Monday, March 22, 2010

Wessman 12: Gammon Hayward

Gammon Hayward
b. 7 January 1828   Deal, Kent, England
c. 7 Mar 1828   Deal, Kent, England
m. 1 June 1850   St. Leonard, Shoreditch, Surrey, England
d. 27 February 1883   San Francisco, San Francisco, California
b. 1 March 1883   Salt Lake City, Salt Lake, Utah
Wife: Sarah Ann Cripps
Father: John Gammon Hayward
Mother: Mary Clement

As previously mentioned, the best source on the Hayward family is the Wagstaff book, but here is a short biography of Gammon Hayward.

Gammon Hayward was born in Deal, County of Kent, England, January 7, 1828, the son of John and Mary Clement. His father was a boat builder and he worked with him until he left for America. He was married 1 June 1850, to Sarah Ann Cripps. They joined the Church of Jesus Christ of Latter-day Saints in 1850 and in common with the Saints of that time, the spirit of gathering was with them. They left England in April [February] 1853 with two children, a daughter Elizabeth and a son John Henry [Henry John]. They sailed in the ship International, arriving in Salt Lake in September 1853. 

As there was nothing to do in his line of work, he turned to carpentering and worked on the Constitution Building putting on the roof. He assisted in the building of the first grist mill in Cache Valley, working with George Surrine [Sirrine?] for a man named Allen in 1860. They had to work with their guns at hand as the bears were very troublesome. 

He built the first boat that was run on the Great Salt Lake. It was built for General Connor and was named after his daughter Kate Connor. It was used to carry ties across the lake to the Promontory at the time of the building of the railroad to California in 1868. He was a member of the Nauvoo Legion and was called to Echo Canyon at the time of the Johnson War [the Utah War].

When the families were ordered South he came home and finding that no preparation had been made for moving his family, he built a wagon and moved them. His family at this time consisted of his wife and three children. They moved to Provo and while they were there another son was born. He then worked for W.E. Godbe [sic; William S. Godbe].

After the return to their home, he went to Camp Floyd and worked at carpentering. He was one of the men who was sent to assist the hand-cart companies into the valley. He was also a member of the Nauvoo Cavalry. He went to Deep Creek with Howard Egan. He assisted in building the Social Hall. He also built a pleasure boat for Walker Brothers and boats for Hot Spring Lake. In common with the spirit of the pioneers he was always ready to assist others and do his share of civic work and he suffered the hardships of that life.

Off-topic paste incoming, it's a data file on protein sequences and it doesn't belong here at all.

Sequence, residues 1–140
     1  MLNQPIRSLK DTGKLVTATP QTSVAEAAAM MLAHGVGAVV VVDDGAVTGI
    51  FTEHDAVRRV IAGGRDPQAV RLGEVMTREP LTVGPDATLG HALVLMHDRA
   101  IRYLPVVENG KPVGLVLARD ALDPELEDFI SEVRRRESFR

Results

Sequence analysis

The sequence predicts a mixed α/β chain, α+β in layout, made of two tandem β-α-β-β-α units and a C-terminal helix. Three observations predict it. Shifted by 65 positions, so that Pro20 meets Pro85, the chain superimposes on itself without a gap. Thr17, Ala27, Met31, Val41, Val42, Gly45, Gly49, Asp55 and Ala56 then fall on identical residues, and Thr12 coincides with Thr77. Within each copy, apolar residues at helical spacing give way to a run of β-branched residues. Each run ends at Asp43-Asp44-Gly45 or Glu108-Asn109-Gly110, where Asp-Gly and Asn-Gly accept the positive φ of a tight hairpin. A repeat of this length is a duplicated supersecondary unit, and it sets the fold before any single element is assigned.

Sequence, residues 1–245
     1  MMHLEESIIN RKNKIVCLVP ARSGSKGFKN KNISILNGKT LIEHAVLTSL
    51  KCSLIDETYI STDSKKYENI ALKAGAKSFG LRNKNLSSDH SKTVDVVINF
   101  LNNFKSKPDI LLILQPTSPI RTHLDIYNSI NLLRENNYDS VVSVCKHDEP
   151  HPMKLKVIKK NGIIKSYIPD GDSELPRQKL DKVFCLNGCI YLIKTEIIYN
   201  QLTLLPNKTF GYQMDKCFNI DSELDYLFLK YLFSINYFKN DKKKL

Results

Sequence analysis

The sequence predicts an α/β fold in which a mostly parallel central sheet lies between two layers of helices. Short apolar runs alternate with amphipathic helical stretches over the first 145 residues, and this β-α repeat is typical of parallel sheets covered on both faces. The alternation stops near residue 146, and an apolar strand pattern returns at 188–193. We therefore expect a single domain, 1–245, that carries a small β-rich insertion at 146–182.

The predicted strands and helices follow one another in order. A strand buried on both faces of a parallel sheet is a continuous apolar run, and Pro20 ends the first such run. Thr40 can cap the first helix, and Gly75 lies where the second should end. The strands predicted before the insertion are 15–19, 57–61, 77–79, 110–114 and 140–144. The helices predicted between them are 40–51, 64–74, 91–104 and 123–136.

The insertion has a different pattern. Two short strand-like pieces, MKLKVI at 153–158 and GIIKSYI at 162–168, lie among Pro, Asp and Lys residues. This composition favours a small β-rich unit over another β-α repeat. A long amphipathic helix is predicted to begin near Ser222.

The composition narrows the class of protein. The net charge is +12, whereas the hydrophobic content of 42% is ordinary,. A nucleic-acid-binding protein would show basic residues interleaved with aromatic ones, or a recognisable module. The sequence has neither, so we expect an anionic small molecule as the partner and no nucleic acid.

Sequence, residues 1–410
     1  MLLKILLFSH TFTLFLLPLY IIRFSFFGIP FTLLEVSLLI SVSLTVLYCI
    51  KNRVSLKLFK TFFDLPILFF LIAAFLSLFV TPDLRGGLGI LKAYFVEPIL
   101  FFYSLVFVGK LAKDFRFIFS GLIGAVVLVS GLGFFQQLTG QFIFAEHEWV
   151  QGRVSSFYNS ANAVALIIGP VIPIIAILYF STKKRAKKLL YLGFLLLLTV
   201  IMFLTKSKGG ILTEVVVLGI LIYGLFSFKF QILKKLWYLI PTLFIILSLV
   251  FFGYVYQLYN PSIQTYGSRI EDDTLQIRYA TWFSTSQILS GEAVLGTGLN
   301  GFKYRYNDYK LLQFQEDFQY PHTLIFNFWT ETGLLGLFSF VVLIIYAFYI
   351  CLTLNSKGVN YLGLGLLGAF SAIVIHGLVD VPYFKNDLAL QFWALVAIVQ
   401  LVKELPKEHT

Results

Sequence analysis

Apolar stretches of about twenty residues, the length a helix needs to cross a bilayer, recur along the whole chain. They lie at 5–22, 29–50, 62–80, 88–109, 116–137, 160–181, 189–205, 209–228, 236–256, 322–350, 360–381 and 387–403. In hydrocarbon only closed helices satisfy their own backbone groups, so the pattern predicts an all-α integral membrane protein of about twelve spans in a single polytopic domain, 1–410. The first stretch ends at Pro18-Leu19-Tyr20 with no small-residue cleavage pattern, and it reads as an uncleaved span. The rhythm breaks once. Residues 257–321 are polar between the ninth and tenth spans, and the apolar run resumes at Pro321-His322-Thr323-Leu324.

He was the President of the Kent Road Branch of the church in England and when he left for Utah his father told him that if he ever wanted to come back the money was there for him to use at any time, so his home was in Utah from choice and not necessity. 

He kept the Lake Point Hotel in 1878. 

In 1879 he moved to San Francisco and died there in 1883. He was buried at Salt Lake City.

Anonymous. “Biography of Gammon Hayward.”

Coming tomorrow: a biography of Gammon's wife Sarah Ann Cripps Hayward.

Additional Sources

Chad G. Nichols made a nice compilation of primary sources [sources that were created at the time] about the voyage of the ship International. A copy is available here.

For an interesting look into the history of the church in England with an emphasis on the 1851 religious census (the article includes a mention of the Kent Road Branch), see the article, Cynthia Doxey, "The Church in Britain and the 1851 Religious Census," Mormon Historical Studies, Spring 2003, 106-138.

Photo of the Great Salt Lake from Photo of a reenactment at Camp Floyd from

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